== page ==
It’s a 30 minute ferry ride each way:
Gorée Island is home to a population half the density of that in Dakar, as well as the controversial Maison des esclaves, a former holding center for enslaved people to be exported to Western countries.
Academic debate continues over on how many enslaved persons were actually held in and passed through this building, hence the relative importance of Gorée Island as a point on the Atlantic slave trade.
Nevertheless its “door of no return” remains as an emotional and heartbreaking memorial to the countless enslaved people, whether they passed through here or not, and those who lost their lives because of a barbaric practice that remains an everlasting stain on humanity.
It’ll take at most another hour to walk around and see all the crumbling colonial architecture of Gorée Island.
Dodge the souvenir shops lining the gravel path to the top of the island and you’ll arrive upon a memorial and cannons that look like they belong to WW II.
We had enough time to have lunch at one of the numerous Chez [insert restaurant name here…who all seem to be run by the same guy] by the island’s port before taking the ferry back at 2pm.
Since the port to Goree is located in the “city center” of Dakar in the Plateau district, we grabbed a quick drive-by photo of the Palais présidentiel.
…and the Place de l’Independance, finish line for the former annual Dakar Rally from Paris.
If you had to choose any mosque to visit in Dakar, I recommend going off the books (wasn’t mentioned in any of the guidebooks!) for a walk inside The Massalikoul Djinane Mosque:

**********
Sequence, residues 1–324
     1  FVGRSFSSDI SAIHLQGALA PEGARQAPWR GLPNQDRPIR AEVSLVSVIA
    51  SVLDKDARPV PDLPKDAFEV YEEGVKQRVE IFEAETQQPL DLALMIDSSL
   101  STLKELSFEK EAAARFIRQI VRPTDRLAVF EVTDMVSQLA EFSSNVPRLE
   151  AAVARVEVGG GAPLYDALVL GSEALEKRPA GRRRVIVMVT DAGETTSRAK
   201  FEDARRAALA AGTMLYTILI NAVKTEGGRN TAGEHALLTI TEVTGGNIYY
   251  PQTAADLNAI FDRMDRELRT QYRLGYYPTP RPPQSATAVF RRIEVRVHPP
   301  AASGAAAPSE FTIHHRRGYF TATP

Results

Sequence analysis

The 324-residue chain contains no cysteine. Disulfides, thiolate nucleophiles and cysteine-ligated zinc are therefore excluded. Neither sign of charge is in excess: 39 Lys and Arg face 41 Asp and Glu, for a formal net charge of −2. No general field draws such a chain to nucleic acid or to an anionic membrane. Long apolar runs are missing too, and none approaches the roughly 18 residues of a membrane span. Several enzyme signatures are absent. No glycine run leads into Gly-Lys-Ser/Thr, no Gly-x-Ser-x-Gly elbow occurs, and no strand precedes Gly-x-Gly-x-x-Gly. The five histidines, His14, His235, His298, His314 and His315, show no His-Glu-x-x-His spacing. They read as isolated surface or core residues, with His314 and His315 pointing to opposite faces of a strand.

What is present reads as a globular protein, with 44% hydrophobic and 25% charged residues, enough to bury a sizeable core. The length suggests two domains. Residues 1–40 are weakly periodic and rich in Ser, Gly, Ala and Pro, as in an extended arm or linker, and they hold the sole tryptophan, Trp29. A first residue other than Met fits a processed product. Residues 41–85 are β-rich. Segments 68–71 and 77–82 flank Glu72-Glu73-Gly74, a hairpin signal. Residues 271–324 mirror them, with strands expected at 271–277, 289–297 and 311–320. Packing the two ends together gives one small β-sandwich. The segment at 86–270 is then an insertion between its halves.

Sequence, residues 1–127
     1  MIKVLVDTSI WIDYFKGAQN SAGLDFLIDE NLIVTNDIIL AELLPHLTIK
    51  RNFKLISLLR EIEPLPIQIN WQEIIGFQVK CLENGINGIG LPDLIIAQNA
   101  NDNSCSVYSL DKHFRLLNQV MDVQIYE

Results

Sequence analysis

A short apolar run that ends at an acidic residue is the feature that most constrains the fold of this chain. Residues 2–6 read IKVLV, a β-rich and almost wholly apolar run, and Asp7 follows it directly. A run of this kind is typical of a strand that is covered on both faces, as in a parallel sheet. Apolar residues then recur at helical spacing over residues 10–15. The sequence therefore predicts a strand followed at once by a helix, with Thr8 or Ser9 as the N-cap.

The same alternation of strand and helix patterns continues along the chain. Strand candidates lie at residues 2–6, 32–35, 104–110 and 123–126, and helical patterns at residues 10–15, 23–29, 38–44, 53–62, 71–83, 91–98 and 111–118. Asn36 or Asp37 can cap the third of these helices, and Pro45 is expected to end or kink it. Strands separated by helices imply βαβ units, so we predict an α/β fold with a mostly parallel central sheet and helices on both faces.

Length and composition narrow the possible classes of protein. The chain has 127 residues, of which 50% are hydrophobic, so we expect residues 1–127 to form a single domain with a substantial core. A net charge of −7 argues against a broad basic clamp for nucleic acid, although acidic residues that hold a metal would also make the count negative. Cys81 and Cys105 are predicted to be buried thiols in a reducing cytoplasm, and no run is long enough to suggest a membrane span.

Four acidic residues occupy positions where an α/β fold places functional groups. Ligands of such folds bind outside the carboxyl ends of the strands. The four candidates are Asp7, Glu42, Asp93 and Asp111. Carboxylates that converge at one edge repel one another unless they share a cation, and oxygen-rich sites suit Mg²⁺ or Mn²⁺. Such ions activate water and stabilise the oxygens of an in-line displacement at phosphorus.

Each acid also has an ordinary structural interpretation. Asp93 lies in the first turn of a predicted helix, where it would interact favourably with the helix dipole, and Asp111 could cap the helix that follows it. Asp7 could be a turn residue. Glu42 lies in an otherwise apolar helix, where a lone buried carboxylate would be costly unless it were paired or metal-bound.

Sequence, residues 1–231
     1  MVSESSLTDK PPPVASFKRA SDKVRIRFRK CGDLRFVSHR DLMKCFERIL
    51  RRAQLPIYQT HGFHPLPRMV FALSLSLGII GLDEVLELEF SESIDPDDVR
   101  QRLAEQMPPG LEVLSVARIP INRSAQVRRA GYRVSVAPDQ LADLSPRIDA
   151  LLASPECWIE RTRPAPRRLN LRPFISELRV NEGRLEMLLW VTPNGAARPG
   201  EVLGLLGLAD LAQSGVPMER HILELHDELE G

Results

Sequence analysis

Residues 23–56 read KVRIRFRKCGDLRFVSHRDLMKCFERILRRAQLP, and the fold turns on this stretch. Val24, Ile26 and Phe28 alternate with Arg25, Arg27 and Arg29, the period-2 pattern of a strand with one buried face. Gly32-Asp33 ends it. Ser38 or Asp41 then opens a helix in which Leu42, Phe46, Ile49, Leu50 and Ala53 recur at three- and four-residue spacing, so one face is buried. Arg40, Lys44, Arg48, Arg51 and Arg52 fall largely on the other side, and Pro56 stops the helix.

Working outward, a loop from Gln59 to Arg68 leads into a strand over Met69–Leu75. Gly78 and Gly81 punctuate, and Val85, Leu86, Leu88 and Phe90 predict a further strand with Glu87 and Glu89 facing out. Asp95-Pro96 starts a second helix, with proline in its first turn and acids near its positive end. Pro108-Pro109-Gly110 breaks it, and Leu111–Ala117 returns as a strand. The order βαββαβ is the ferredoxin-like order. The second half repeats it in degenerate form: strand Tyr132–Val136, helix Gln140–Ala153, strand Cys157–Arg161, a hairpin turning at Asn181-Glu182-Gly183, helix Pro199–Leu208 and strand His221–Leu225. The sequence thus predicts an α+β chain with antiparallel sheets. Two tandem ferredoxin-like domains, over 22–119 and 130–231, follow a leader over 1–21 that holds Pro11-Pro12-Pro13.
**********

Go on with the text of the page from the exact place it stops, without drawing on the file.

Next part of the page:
One of the most splendid and best kept secrets in Dakar.
After about 20 minutes at the mosque we drove back to Place du Souvenir Africain to confirm the rumors of where there was a market here (there isn’t), and then kicked back for a mid-afternoon snack at the adjacent Radisson Blu Hotel.
By 6:30pm we drove down back to Plateau for dinner by the coast at Restaurant Le Lagon 1:
With extra time on our early return from Saint Louis and third day in Dakar, we first had lunch at the scenic Lamon Art Gallery.
As the girls and Sameer went shopping, Evan and I took a cab to Les Almadies, the westernmost point of the mainland continent of Africa.
To reach it, the best way is to approach the point from the north, and walk 10 minutes south from the public beach of Plage de la Pointe des Almadies. Evan and I learned the hard way when our driver tried to drive us directly there from the south, after which we were turned away by guards saying it was private property. So we paid the driver to leave and walked the circumference around the US Embassy to reach the public beach north of the embassy.
Once we got to the beach, we approached the stores at the end of the road past the taxi stand and headed deep into the market on the right side (closest to the coast).
At the end of the market, we turned right to see a small little door down the steps. I made a little infographic:
We exited the door outside again onto the beach and crossed/hopped the stone fence.
Assuring the guard there we wouldn’t take pictures of the ruins of the former Club Med (shame on you Evan for taking one anyway) . . .
. . . we then hugged the coast to reach the signpost indicating we were at the extreme westernmost point of Africa.
Another end of the world just got served, again.
Afterwards Evan and I hailed a cab up for 2000 CFAs for dinner and scenic views with the shopping contingency of the group at the lighthouse of Phare des Mamelles:
We arrived just in time for sunset…
…but 2 days late celebrating Sameer’s 21st birthday; he even forgot it was his birthday until now!
But we wouldn’t let him forget:
Tomorrow we head south to The Gambia!
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- At time of posting in Dakar, it was 26 °C - Humidity: 77% | Wind Speed: 5km/hr | Cloud Cover: Clear